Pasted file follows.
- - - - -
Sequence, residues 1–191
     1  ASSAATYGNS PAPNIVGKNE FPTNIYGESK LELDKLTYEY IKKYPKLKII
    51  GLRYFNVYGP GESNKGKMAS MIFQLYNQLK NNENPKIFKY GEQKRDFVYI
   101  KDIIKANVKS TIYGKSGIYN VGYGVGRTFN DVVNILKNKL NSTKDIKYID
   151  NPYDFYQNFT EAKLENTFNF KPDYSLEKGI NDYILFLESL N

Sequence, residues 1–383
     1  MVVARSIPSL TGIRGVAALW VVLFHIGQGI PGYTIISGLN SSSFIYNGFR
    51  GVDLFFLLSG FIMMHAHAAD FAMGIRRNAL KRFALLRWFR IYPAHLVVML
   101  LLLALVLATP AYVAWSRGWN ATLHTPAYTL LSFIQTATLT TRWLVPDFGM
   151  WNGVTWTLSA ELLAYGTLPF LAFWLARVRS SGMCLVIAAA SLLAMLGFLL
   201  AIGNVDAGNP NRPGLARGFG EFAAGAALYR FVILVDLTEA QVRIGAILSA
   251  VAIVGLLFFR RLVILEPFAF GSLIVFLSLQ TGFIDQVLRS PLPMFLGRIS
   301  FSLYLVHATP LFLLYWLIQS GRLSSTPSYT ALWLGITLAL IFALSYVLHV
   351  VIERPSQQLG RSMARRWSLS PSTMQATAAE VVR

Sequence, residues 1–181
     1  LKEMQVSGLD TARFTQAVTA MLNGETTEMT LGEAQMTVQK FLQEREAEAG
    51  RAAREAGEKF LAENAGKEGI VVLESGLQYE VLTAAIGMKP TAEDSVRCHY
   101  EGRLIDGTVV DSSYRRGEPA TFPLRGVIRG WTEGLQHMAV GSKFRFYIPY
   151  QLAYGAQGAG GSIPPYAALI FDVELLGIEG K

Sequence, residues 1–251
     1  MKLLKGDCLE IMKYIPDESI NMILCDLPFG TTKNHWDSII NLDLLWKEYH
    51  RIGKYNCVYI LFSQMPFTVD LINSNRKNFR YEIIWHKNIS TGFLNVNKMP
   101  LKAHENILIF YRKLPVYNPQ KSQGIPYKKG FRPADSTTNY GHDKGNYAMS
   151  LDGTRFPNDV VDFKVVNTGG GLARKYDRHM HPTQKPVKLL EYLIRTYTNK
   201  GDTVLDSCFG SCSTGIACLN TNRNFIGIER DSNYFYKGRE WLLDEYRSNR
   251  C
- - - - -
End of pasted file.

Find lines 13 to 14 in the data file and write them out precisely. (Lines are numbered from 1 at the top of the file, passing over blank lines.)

   301  FSLYLVHATP LFLLYWLIQS GRLSSTPSYT ALWLGITLAL IFALSYVLHV
   351  VIERPSQQLG RSMARRWSLS PSTMQATAAE VVR